So it is vital that we now embrace our new joiners and harness the energy they can bring to renewing Labour’s connection with the people. First, we must help as many them as possible to become doorstep activists for our politics. Second, I have long argued UK Labour should campaign and organise not only to win elections but to affect tangible change through local community campaigns. We brought Arnie Graf, the Chicago community organiser who mentored President Obama in his early years, over from the U.S. to help teach us how to community organise more effectively. We should bring Arnie back over to finish the job and help empower our new joiners to be the change they want to see in every community – we need to build on the links they have with local groups and organisations.

I mentioned at the beginning that in every generation Social Democracy is besieged from left and right but the achievements of each generation are defined by the strength of a complex political tradition that strengthens solidarity through protecting democracy and liberty, a role for the state and the market and seeks to shape the future through an inclusive politics. Solidarity is key which is why we must accept the result of our contest when it comes and support our new leader in developing an agenda that can return Labour to office.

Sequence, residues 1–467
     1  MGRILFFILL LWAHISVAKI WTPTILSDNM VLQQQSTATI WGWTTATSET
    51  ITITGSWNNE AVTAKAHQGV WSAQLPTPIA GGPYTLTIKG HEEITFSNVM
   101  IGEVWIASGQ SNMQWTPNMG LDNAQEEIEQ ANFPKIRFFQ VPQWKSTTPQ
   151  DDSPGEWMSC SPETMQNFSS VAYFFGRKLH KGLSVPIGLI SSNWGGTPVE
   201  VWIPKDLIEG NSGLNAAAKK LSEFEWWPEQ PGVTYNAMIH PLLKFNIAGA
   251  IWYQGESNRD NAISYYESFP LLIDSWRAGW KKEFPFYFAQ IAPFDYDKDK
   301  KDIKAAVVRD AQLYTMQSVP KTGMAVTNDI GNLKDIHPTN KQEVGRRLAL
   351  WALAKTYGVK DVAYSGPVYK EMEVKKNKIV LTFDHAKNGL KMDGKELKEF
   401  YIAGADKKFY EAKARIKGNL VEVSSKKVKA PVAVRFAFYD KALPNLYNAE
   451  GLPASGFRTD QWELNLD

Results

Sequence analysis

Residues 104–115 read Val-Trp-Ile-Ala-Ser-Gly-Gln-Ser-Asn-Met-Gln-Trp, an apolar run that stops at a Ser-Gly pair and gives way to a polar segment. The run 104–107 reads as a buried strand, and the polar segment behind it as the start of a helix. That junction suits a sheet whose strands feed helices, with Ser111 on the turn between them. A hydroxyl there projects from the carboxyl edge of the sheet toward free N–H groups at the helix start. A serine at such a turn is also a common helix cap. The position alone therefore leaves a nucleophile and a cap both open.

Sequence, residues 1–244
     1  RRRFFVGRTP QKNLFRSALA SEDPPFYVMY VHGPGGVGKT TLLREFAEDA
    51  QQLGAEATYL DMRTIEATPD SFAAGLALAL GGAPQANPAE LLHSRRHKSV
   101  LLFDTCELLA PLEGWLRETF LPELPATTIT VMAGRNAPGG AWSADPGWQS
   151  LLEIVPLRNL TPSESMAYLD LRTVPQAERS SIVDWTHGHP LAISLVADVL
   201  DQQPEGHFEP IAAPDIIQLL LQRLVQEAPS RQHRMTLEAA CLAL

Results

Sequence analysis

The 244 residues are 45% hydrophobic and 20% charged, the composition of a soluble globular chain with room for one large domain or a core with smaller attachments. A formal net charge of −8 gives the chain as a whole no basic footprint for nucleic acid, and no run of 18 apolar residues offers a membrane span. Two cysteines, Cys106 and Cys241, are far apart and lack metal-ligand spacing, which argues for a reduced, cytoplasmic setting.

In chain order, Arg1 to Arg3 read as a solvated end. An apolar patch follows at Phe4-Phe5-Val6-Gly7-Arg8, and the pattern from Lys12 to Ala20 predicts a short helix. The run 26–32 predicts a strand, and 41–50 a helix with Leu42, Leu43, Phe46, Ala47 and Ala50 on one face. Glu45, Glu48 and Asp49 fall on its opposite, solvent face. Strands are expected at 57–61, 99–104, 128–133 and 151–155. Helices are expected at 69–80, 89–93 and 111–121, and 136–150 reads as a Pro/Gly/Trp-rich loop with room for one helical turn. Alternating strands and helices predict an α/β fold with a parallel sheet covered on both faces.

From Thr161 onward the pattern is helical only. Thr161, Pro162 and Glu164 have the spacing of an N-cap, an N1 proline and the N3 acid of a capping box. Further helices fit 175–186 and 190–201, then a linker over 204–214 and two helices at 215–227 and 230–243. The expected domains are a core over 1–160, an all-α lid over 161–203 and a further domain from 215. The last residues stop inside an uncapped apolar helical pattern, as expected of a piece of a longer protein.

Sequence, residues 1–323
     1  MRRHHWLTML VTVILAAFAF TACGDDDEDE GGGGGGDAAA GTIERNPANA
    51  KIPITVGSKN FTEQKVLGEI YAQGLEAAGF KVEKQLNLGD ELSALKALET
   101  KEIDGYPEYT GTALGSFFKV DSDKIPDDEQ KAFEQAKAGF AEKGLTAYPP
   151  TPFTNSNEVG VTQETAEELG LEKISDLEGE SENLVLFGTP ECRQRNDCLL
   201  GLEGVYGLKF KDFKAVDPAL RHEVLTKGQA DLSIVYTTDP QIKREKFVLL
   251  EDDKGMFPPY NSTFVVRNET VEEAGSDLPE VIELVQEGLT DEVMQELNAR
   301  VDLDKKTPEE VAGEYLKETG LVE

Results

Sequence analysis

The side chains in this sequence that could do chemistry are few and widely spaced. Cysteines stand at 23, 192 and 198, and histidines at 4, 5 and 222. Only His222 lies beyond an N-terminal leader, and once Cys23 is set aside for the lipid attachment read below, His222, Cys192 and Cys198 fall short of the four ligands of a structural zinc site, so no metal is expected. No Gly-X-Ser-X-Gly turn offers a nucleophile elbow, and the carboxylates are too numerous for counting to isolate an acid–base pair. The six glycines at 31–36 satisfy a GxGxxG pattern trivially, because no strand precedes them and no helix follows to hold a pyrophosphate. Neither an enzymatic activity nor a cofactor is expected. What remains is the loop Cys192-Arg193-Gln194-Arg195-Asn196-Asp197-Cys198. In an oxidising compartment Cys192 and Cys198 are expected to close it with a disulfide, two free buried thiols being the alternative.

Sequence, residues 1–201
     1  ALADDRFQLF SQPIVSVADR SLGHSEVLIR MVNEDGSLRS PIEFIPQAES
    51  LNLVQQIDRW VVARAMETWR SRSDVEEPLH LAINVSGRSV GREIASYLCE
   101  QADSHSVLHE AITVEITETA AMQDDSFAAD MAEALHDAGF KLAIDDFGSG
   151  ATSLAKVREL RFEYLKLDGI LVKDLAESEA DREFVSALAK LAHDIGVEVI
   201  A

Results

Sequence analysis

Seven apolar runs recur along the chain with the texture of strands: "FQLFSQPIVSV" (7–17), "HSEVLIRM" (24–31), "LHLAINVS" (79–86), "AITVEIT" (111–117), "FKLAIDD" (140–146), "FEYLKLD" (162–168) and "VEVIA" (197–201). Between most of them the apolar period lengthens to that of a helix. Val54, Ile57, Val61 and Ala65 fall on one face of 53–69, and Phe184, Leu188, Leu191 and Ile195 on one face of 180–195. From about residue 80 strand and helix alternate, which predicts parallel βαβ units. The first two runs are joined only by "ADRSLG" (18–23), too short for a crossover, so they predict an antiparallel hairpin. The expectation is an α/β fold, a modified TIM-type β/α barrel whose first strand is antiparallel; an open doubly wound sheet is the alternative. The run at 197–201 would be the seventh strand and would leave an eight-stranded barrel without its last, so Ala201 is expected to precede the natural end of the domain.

Yes, these are troubled times for social democrats. All over Europe there is a sense among our traditional voters that we are remote and do not share their concerns or represent their interests or values.  There is surge of support for populist right wing parties from Denmark to France, of more left wing parties in Greece and Spain and in Britain too. There is renewal of imperial politics in Russia, the murderous and abhorrent regime of ISIL in the Middle East, volatility in the Chinese economy and in Europe a flow of immigration that causes fear and anxiety.

But, the task of Social Democracy in our time is to fashion a politics of hope that can bring together divided populations around justice, peace and prosperity so that we can govern ourselves democratically. We have seen worse than this and weathered the storm. I am looking forward, with great optimism to be being part of a generation that renews our relevance and popularity in the years to come.

Chuka Umunna is the shadow business secretary and the Labour MP for Streatham.